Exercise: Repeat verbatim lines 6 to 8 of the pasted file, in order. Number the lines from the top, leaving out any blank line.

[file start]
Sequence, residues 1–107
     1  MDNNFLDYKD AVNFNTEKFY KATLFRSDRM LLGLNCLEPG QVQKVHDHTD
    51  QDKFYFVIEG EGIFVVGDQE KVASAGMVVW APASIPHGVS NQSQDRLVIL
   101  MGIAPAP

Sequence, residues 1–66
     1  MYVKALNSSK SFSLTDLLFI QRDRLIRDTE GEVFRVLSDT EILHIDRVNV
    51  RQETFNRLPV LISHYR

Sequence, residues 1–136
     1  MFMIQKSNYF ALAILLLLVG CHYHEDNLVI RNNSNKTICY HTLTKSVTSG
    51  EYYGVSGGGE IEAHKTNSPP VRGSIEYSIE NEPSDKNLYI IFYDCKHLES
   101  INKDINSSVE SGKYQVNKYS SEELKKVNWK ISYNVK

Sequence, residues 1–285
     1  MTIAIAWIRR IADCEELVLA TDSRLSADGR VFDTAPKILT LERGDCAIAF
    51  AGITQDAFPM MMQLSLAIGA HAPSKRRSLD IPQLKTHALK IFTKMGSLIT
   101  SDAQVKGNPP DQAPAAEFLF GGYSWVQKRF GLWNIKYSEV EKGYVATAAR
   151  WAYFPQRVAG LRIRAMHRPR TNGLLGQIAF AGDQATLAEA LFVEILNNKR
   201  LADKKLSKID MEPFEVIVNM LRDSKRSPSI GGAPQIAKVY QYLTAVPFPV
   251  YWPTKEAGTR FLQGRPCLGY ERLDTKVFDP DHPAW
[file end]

     1  MYVKALNSSK SFSLTDLLFI QRDRLIRDTE GEVFRVLSDT EILHIDRVNV
    51  RQETFNRLPV LISHYR

Sequence, residues 1–136